Audi unveil 'sixth sense' augmented reality in the Q4 e-tron

Ah, this is getting serious

Remember when cars were all about mechanical components and analogue features? Yup. That was then, this is now, and now what we're getting is tech, a lot of tech. Audi unveiled the latest tech geek-friendly feature in the new Q4 E-Tron, a 'sixth sense' augmented reality head-up display. They call it Car-To-X connectivity.

Unlike VR (Virtual Reality), which simulates three-dimensional environments that you can interact with in a seemingly physical way; AR (augmented reality) uses technology to enhance existing and concrete elements of your surroundings to (in this case) transmit and relay information. Application-wise, you're mostly going to use it for safety features.

Usable data and information will be projected on the tarmac ahead of you to make sure it doesn't impede your (physical) view of the road. The car can, for example, help you visualize a potential obstacle before the human eye can see it.

The information will be available for the driver through the head-up display and the 11.6-inch (haptic) touchscreen. These things scare me and fascinate me at the same time. I once had the opportunity to test drive a 'thermal-enhanced' Lexus in LA and the experience was mind-blowing because it used radars and lidars. The lidar, which stands for Light Detection and Ranging, is basically a clever radar that uses bolt light and pulsed lasers to measure things like range, distance, temperature, etc.

The lidar detects obstacles but it also provides information as to what these obstacles might be. If you're driving at night and it's pitch-black, for example, the lidar can detect a living being on the other side of the road, potentially miles ahead, and tell you whether it's a human being or an animal based on temperature, size and other factors. Crazy stuff.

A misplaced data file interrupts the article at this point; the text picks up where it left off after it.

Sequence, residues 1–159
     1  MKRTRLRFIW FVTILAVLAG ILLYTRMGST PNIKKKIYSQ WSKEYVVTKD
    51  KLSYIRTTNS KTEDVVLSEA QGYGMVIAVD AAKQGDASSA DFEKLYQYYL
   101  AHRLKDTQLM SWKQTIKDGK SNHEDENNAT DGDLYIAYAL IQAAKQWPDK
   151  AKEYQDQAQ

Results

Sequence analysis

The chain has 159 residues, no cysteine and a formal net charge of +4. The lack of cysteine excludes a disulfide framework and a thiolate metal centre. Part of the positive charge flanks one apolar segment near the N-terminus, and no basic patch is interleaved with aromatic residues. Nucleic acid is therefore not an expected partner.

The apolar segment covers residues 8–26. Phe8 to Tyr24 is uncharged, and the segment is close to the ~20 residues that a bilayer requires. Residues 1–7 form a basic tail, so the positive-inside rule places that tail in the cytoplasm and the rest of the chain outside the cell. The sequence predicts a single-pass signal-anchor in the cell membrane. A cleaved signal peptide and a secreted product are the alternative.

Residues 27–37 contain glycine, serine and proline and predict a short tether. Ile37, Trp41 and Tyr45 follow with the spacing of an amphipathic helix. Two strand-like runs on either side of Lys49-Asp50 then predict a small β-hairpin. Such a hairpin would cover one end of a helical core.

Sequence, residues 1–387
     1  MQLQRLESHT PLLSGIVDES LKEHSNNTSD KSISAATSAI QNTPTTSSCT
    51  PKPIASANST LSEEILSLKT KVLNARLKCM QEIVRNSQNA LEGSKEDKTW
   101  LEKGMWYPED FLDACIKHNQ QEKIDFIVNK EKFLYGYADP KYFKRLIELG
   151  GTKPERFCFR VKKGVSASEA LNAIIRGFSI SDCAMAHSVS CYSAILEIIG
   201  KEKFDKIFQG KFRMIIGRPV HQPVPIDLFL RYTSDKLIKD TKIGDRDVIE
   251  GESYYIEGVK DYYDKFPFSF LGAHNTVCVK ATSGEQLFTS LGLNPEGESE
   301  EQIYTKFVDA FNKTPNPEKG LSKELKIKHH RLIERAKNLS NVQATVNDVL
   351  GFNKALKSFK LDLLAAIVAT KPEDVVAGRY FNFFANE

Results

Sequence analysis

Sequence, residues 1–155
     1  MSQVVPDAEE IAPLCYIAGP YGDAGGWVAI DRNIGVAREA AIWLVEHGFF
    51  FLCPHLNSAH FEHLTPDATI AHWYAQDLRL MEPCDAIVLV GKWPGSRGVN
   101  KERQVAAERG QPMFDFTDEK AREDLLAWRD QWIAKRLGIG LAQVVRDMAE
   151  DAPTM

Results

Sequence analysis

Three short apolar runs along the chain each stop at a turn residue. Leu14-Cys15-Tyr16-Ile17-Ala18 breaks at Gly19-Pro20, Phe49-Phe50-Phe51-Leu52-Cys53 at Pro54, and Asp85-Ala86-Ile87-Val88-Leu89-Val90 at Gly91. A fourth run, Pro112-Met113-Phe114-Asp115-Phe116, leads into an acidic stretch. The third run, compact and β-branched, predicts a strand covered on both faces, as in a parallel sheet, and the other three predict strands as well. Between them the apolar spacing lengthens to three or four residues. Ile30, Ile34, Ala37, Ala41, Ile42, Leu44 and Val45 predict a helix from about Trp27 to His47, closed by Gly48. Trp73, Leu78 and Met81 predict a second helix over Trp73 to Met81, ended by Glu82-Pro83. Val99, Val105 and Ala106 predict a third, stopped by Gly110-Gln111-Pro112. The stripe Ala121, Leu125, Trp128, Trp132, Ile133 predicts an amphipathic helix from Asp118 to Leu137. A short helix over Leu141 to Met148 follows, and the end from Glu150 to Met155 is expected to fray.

The problem with tech is that on a purely visceral level we hate it, but then we get used it and it becomes addictive. Think about the million features in your phone you sworn you'd never use. But now we do. But it's alright. I mean, it's just cars.

What's the craziest piece of tech you've used in a car?

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Comments (14)

  • That actually looks useful. Much better than the juvenile and poorly integrated tech that Tesla use. A genuinely useful feature. Well done Audi!

      10 days ago
  • there's a fundamental problem with this. We humans work like this: if something is not necessary, we will stop doing it. It's basic energy conservation.

    This is why we get bad posture from sitting - even after we stood up. The muscles have adapted to not being used. The brain works in much the same way.

    So if a driver can rely in 99% of situations on an AI, his brain will stop tracking the situation. Or, in new drivers, won't even develop this ability. Because it's an effort and we do not do unnecessary effort.

    So then in the 1% of situations where the AI fails, there will nobody at the wheel.

      9 days ago
    • the only way to cheat around this issue is make the AI intervention unwanted. For example, yes, put on the brakes to avoid collision, but do it at the last possible moment and in a way that scares the daylights from the driver.

      It's an aid, but...

      Read more
        9 days ago
  • Seems like another way to disengage and eliminate the driver to me

      9 days ago
  • Even worse drivers incoming

      9 days ago
  • I am waiting for these clever cars to be hacked into by a terrorist group or untrustworthy country as it won't be clever tech then. Obviously no one in the car development group have played the video game Watchdogs Legion as hacking into cars computers is predicted in the future UK setting.

      6 days ago